Thursday, April 7, 2011

APAC SMBs to spend $16 billion on laptops, netbooks and tablets in 2011

SINGAPORE: Small and medium businesses (SMBs, companies with less than 1000 employees), across Asia-Pacific, excluding Japan (APAC), will spend $16 billion on non-desktop PCs in 2011, much higher than spending on desktop PCs.

Non-desktop PCs include laptops, netbooks and tablets. While tablets have attracted much media attention of late, the bulk of APAC SMB spending on non-desktop PCs is on laptops and netbooks.

These findings emerge from multi-year research by New York-based Access Markets International (AMI) Partners, Inc. According to the latest results, APAC SMBs are expected to spend more than 96% of the US$16 billion on laptops and netbooks. Small-size touch-screen devices like Apple iPad, Dell Streak, HP Slate, RIM Playbook are classified as tablets. These tablets only account for less than 1 percent of the expected non-desktop PC spending in the APAC region.

“The PC industry is going through an exciting stage,” says Dr. Vu-Thanh Nguyen, Research Analyst in AMI-Partners’ Singapore office, “where consumer-oriented devices are filtering into enterprises and enterprise-focused players are creating devices to cater to consumer needs. Mobile phones are becoming more powerful and are being designed to mimic PCs and traditional PCs are becoming smaller to be more mobile.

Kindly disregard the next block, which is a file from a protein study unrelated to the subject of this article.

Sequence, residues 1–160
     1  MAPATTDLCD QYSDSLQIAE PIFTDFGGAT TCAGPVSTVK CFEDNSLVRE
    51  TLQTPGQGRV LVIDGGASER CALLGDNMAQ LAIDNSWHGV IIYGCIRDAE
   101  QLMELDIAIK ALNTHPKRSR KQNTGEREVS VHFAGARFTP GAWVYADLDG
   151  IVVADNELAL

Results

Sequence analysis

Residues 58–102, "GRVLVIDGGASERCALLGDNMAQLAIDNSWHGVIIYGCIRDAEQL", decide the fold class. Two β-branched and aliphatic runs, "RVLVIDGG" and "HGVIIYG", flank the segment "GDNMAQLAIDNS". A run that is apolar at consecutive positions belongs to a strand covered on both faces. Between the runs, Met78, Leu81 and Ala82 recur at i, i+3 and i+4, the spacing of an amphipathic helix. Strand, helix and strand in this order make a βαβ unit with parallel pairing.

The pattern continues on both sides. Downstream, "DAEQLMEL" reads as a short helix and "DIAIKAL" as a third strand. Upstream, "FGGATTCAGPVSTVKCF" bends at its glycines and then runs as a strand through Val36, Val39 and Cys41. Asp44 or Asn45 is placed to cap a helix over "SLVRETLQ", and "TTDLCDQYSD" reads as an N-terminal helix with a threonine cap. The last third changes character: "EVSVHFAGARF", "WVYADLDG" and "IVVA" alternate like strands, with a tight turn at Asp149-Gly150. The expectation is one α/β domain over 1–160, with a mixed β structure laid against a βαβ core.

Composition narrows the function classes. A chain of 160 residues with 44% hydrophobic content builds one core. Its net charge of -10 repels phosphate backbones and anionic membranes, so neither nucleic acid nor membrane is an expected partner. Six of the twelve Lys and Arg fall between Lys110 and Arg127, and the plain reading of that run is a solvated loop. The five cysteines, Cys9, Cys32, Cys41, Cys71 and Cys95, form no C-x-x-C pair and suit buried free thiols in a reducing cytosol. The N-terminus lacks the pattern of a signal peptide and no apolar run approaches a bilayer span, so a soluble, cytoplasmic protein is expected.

“While tablets are useful for media consumption, entertainment, and communication, people will eventually realize that a small screen (say, less than 12 inches) is not really optimal for everyday work. For business purposes, we believe that many people will give priority to screen size, network connectivity, and portability. That’s why portable PCs – especially light-weight convertibles, hybrids, and large-screen slates – will continue to be the computer of choice for businesses compared to small-screen netbooks and tablets.”

In the long term, as more businesses turn to a virtualized desktop environment, cloud computing, and the software-as-a-service model, the need for powerful PC-like end-user devices may diminish over time. We may see larger adoption of convergent devices like Motorola Atrix 4G, a pocketsize smartphone which can connect to external monitors to run browsers and applications on larger screens. Even then, portable PCs with integrated large screens will still be important tools in many business environments.

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